This story first appeared in the second annual Watches supplement to the Dec. 6 issue of The Hollywood Reporter magazine.
Austrian daredevil Felix Baumgartner wears luxury watchmaker Zenith's El Primero Stratos Flyback Striking 10th on his supersonic free fall from near space. Rolex burnishes its reputation for chic durability by lashing a custom Deepsea Challenge to James Cameron's submarine before it dives 10,898 meters to the bottom of the Mariana Trench. Jaeger-LeCoultre signs up Clive Owen and Diane Kruger; TAG Heuer snags Leonardo DiCaprio and Maria Sharapova. It's all part of an arms race among watchmakers to align brands with celebrities who possess enough -- and the right type of -- star power to enhance marques that are already perceived as exalted and expensive.
Watchmakers choose their faces carefully, striving to match a brand's ethos to those of celebrities and their fans. Some are called ambassadors, others spokespersons or "friends of the brand," and their deals and compensation vary widely -- from free watches and travel to promotional events and checks in the millions.
Baumgartner was a good fit for Zenith -- whose most expensive watch, the men's Academy, fetches $90,000 -- because "Zenith has always associated its name with the spirit of adventure," says Katie Kinsella of Kinney + Kinsella, which handles marketing for luxury watch brands. Presumably that association includes adventurer Ryan Seacrest, who wears Zenith's Captain Winsor Chronograph on American Idol.
For TAG Heuer, DiCaprio and Sharapova lend cachet to a brand that's priced considerably lower than other luxury watches, and they participate in the design of their namesake models. DiCaprio helped design a custom link to benefit the Natural Resources Defense Council (though he wore a rose gold TAG Heuer Carrera 1887 to The Great Gatsby premiere in May). Similarly, Omega partnered with Daniel Craig on the Hour Vision Blue watch to benefit the blindness-prevention organization Orbis International, which the actor supports.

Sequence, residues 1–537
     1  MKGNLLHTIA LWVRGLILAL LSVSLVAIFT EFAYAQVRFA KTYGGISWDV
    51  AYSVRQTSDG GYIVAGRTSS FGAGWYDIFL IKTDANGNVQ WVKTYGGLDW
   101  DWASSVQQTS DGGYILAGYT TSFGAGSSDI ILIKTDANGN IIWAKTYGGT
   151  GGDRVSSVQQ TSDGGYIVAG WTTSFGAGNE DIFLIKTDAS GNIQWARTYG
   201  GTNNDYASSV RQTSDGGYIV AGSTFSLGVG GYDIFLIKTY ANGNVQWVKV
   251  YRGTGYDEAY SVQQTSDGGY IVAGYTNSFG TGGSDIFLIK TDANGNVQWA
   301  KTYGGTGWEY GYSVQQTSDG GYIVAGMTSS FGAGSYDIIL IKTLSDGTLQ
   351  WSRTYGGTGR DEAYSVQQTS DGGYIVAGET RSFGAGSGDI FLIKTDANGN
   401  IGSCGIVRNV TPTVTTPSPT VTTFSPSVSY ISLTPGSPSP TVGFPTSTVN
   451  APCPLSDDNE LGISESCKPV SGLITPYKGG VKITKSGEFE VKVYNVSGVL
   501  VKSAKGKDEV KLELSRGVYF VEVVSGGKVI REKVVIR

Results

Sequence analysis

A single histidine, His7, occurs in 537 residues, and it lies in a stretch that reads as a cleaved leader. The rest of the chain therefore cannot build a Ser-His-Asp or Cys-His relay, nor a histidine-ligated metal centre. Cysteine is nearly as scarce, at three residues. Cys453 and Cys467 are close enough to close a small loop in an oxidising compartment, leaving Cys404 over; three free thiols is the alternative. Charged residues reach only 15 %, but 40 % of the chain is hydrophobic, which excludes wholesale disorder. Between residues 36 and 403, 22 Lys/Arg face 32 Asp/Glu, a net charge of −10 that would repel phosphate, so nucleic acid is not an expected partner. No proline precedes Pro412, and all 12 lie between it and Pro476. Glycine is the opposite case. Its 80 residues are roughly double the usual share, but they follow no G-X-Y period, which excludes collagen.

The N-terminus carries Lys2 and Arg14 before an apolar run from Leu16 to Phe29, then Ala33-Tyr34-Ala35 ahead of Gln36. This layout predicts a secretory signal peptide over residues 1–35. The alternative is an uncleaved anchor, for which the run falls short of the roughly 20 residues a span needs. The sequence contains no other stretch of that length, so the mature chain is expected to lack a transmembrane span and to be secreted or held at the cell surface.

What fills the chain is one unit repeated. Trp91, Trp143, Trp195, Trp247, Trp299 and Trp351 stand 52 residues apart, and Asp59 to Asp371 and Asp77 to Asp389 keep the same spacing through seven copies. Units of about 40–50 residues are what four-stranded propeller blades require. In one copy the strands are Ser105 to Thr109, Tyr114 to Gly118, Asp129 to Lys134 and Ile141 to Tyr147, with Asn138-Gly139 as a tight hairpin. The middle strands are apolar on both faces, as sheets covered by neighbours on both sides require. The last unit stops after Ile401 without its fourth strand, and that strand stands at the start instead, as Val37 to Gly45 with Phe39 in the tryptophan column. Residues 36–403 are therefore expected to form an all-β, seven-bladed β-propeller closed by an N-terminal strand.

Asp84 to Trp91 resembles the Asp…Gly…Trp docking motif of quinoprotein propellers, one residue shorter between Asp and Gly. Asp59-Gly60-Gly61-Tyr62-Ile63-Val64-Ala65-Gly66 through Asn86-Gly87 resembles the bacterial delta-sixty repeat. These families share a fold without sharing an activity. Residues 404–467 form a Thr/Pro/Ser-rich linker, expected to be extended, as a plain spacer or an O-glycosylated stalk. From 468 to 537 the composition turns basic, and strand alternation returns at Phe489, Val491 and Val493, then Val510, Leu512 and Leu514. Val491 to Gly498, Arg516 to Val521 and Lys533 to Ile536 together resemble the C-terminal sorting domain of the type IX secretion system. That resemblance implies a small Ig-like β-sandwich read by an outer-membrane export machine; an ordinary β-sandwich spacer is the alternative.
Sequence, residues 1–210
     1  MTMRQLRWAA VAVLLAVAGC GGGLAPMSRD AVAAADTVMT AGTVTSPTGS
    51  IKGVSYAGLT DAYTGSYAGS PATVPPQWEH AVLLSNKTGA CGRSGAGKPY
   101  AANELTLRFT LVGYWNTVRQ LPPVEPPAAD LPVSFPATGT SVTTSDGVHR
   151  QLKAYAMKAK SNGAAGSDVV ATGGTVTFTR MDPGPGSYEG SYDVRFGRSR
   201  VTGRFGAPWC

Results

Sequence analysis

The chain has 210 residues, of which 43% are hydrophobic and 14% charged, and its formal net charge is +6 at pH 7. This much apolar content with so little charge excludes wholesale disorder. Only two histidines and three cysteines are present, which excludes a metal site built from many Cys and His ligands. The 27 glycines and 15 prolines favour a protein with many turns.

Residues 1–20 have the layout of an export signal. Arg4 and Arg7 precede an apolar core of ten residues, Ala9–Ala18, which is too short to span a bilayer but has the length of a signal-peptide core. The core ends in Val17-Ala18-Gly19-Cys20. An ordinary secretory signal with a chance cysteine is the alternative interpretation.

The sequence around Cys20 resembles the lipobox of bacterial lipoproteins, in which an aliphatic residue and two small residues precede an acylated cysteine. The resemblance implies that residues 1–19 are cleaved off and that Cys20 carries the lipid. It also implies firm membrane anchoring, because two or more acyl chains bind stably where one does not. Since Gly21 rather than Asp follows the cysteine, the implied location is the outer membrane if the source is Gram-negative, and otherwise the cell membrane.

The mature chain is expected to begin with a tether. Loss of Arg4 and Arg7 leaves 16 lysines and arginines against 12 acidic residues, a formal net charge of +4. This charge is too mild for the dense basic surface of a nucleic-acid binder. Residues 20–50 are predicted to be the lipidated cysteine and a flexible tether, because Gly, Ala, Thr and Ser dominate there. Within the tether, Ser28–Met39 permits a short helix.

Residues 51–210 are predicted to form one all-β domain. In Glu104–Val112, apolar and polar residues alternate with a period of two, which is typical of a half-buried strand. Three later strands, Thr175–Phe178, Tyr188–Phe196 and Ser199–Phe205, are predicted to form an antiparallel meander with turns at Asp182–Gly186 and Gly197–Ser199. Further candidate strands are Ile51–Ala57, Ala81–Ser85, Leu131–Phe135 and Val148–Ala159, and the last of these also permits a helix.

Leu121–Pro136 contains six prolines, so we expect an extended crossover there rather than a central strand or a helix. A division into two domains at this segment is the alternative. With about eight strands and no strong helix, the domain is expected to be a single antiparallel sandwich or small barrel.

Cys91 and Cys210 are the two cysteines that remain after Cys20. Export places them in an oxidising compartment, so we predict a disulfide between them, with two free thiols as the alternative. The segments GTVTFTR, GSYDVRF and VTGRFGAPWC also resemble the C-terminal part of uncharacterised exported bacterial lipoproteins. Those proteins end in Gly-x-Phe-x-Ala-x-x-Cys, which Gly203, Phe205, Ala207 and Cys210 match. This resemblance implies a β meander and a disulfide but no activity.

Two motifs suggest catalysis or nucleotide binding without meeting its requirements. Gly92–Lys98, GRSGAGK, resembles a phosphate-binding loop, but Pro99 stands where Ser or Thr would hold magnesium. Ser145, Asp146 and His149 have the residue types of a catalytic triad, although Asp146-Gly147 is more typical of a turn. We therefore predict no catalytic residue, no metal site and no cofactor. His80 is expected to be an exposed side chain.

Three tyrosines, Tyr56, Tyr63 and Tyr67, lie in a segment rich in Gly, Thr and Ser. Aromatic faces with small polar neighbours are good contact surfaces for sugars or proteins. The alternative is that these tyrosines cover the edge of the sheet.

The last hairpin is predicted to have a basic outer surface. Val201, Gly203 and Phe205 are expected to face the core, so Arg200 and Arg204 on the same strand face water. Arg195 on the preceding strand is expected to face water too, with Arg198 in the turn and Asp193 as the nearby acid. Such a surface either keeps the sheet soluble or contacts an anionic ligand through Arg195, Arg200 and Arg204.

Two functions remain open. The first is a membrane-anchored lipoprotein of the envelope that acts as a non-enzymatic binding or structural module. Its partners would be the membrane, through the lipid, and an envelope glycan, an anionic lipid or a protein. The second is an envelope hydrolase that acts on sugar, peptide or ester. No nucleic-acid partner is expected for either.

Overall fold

Longines calls its celebs "ambassadors of elegance" -- they include Kate Winslet, Bollywood actress Aishwarya Rai Bachchan and tennis greats (and real-life couple) Andre Agassi and Steffi Graf. In one of his first ambassadorship duties, Simon Baker introduced the Saint-Imier Collection in summer 2012 at the famed Prix de Diane Longines horse race in Chantilly, France.
IWC integrates watches worn by its celebrity ambassadors -- including Kevin Spacey, Eric Dane and Matthew Fox -- directly into their screen work. Spacey's Frank Underwood can be seen wearing IWC timepieces on Netflix's House of Cards. This season, the brand's Big Pilot's Watch supplanted Panerai on the wrist of Josh Charles' alpha attorney Will Gardner on CBS' The Good Wife. IWC says it never pays for placements and that the watches are loaners, to be given back after shooting.
Watchmakers are cagey about the subject, but brand ambassadors typically are compensated with, at the very least, free watches. Owen chose Jaeger-LeCoultre's Duometre a Chronographe, and Kruger, given a Reverso by her mother when she was 18, wears the new Rendez-Vous (she also stars in the Jaeger-sponsored one-minute film Reinvent Yourself).
Watch brands don't break out the terms of their sponsorship deals, but aside from free merchandise, they usually involve compulsory travel to such big Swiss trade shows as Baselworld and SIHH, as well as corporate events. When cash is involved, it is as likely to go to a celebrity's charitable foundation or to a cause he or she supports as into their pockets.
But the game of watch ambassadorship is not to be taken lightly -- case in point, Charlize Theron. According to documents released by The Smoking Gun, in 2005, the actress was paid $3 million to promote Raymond Weil's Shine watch collection. In 2008, she was slapped with a $20 million breach-of-contract lawsuit. Her crime: getting caught -- and photographed -- wearing a Dior watch at an event. (The suit was settled out of court.)
But watch ambassadorship usually is a lot less acrimonious. IWC approached Dane eight years ago after noticing he wore one of its watches on a photo shoot. He has been a brand ambassador ever since. "I was a watch fan to begin with, and I always loved what they were doing," says Dane. "I'm wearing the Top Gun Miramar right now." He notes the benefits of IWC ambassadorship extend beyond watches: "It may have started out as business, but for me now, it's less about the watches and more about the friendships I've made. I go to their parties, and let me tell you -- IWC, they throw great parties."